Melissa Hanson Asst. News Editor
Scaffolding has been on the Sawyer building since July, and according to Senior Director of Facilities Planning and Management Gordon King, it has been part of a much needed renovation.
The scaffolding is in place so the windows of the building could be replaced from old wooden ones to new, more energy efficient aluminum ones. The project will be finished by the end of this month.
“We just can’t wait for the scaffolding to be down,” said Gordon, “It’s nice for projects to be finished.” He has been working on this project since early 2012. The old windows in Sawyer were leaky, falling apart, and not energy efficient, according to Gordon, and after a pane fell from the 6th or 7th floor last year, luckily injuring no one, it was apparent they needed replacement.
The design for the project was established in early 2012. From there, Gordon chose Joe Kennedy of Casali to be the project manager, and chose to use scaffolding from Lee Kennedy, no relation, a company Suffolk has used before. Both Joe Kennedy and King stressed the amount of time spent planning the project prior to construction. Lee Kennedy was hired in May and needed two months prep work and mobilizing to obtain the scaffolding. From there the project was off.
This project is costing Suffolk over 1.5 million, which is less than planned, according to Gordon. He says that the university has an annual budget of $8.5 million for projects like these and that it is, “well worth the money.” According to Andelman and Lelek Engineering, Inc., who prepared an energy savings estimate for King, the windows will save Suffolk 87,000 KWh of electricity, or $16,000 yearly.
Joe Kennedy described this project as a “big upgrade.” As the project manager he had to survey the site area and handle all the logistical planning of the window replacement. Although it was a time consuming project, he says he is happy with the overall progress.
The scaffolding itself was originally supposed to be constructed using the sidewalks for support, but because they are hollow and would not support the scaffolding, it had to be anchored on the roof of the building. Aside from the change in plans on the placement of the scaffolding, Kennedy says Sawyer was an easier project because of its easy accessibility. Because Sawyer is on a one way street with the available parking lot on the right and access through Miller Hall when needed, it was an ideal location for this type of project.
“Everything went smoothly,” said Kennedy, “[it was] easier than most.” The project required, at full, about five teams, according to Kennedy. This includes painting, abatement, masonry, and installation, in teams of two or three members each. The superintendent and laborer were provided by Lee Kennedy.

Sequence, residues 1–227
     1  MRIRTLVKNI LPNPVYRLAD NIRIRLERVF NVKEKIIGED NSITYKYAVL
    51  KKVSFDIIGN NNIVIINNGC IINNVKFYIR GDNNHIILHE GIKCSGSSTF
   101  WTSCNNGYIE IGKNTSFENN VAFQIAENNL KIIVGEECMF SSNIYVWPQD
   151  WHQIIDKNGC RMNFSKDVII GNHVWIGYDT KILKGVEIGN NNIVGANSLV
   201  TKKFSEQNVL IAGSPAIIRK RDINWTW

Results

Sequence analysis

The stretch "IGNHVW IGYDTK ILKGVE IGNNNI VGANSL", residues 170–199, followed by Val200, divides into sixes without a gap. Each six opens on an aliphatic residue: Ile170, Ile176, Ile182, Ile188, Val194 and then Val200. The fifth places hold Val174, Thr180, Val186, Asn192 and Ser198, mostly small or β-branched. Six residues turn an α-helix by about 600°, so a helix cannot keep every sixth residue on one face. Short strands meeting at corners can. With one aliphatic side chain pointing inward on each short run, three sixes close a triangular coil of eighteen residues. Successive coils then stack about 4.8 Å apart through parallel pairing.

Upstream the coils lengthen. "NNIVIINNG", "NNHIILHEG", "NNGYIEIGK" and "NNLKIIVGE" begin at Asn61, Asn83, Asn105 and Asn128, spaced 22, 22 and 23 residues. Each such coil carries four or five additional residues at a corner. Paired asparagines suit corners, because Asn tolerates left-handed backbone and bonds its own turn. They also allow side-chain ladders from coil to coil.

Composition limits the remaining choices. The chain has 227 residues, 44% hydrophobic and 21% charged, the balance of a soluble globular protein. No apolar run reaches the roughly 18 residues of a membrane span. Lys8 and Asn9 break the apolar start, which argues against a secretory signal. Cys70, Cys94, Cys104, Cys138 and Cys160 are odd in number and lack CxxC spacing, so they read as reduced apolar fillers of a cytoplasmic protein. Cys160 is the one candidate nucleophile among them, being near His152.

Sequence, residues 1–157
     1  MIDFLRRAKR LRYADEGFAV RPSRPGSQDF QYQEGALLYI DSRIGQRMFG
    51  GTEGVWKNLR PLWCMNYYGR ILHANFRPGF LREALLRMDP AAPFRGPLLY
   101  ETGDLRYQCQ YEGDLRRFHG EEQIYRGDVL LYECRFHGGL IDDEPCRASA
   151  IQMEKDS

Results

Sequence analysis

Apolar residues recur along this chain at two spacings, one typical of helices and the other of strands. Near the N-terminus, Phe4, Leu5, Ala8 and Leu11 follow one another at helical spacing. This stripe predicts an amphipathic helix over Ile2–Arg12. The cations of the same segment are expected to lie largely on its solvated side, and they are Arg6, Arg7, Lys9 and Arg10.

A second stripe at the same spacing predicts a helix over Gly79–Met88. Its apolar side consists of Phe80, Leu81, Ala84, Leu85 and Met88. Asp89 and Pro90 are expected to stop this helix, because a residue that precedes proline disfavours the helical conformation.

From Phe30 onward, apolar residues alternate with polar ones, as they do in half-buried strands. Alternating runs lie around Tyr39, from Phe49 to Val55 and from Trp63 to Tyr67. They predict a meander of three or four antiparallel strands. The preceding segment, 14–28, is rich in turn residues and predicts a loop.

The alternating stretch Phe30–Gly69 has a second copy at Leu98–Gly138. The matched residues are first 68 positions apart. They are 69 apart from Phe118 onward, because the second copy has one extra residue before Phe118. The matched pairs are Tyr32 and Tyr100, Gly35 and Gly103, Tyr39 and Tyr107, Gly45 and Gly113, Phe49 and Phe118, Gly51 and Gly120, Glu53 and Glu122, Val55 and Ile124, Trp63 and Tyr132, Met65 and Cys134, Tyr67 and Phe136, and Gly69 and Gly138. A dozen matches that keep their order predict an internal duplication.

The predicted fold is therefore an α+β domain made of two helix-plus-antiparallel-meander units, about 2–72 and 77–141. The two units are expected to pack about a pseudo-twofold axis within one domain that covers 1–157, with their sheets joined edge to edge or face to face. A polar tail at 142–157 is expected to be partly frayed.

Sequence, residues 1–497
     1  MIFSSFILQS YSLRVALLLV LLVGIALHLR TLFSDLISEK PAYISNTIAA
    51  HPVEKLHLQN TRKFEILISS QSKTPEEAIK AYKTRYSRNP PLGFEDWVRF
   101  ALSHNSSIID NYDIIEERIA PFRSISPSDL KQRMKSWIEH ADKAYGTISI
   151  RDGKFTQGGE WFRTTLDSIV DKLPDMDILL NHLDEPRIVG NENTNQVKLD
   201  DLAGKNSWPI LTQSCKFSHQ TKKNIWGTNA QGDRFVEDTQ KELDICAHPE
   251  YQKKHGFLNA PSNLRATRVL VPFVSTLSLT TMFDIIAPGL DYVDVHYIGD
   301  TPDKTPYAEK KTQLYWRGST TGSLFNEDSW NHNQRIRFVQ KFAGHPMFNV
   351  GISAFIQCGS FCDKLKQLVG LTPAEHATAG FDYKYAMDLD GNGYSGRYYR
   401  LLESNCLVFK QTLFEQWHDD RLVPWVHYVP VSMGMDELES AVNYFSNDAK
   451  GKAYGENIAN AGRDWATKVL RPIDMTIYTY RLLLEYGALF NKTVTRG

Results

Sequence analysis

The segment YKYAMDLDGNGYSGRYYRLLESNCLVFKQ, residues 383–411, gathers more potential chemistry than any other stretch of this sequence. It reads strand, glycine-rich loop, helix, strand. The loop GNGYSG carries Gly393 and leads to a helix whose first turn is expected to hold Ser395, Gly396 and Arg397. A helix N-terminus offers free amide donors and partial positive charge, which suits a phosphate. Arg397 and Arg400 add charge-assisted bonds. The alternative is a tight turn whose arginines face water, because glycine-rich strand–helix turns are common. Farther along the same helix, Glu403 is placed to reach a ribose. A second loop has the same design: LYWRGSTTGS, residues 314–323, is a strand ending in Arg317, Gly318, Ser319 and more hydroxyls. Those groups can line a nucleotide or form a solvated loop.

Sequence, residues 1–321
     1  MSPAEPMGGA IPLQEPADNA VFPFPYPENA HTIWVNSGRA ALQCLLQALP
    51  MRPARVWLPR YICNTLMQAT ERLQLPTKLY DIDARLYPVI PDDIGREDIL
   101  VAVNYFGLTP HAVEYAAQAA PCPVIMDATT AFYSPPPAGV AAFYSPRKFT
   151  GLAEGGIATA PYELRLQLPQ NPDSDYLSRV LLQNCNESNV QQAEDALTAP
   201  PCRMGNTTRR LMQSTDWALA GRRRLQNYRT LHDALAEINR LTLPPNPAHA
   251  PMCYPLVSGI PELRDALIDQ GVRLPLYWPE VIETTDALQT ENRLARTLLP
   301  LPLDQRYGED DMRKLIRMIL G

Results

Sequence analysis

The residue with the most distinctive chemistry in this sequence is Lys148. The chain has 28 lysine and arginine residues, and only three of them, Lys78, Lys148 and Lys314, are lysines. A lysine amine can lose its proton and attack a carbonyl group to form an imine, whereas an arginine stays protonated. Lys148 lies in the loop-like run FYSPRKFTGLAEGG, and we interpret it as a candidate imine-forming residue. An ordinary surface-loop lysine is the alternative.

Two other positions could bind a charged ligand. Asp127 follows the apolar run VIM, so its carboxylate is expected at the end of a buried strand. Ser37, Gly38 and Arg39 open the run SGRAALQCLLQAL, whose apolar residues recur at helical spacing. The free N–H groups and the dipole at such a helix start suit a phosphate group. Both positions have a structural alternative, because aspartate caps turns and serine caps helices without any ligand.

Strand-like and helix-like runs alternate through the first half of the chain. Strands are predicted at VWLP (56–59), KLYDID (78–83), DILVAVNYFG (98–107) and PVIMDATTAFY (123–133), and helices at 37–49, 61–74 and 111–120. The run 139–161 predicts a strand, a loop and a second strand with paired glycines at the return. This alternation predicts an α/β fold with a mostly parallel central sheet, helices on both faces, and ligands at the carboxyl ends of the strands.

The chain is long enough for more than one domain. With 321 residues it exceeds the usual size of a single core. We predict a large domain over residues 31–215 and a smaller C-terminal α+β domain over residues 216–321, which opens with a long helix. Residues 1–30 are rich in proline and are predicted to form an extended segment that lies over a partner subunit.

The project only suffered a few slight delays since July. They had to make their schedule around the class schedule in Sawyer and were held up due to this month’s rain.
Neither Joe Kennedy nor Gordon King has heard feedback from students or faculty concerning the project.
“[No feedback] is good with a project like this,” said Kennedy.
Although they have not heard feedback, Suffolk students have opinions about the project. Sophomores Emily Persson and Mari Leclerc have classes in the building and find the construction to be more of a nuisance than anything else.
“It’s literally so distracting…even some of my professors get distracted looking out the windows. I just don’t think that the window project was a good idea to do during the school year,” said Persson. She was surprised to hear about the amount of planning that went into the project.
“I feel like that type of job shouldn’t cost that much and that money could be going towards something more important,” said Leclerc, “I think they look nice…I mean I am not sure if they are making any noticeable changes.”
Greg Gatlin, vice president of Marketing and Communications at Suffolk says, “The window replacement project in the University’s Sawyer Building is scheduled to be completed by the end of the month and will provide that building with weather resistant, energy efficient and thermally improved windows. We expect it will result in some reduced energy use and carbon dioxide emissions as well.”
“It’s a never ending job,” said King, who is already planning construction and setting aside millions for projects at 150 Tremont in 2013.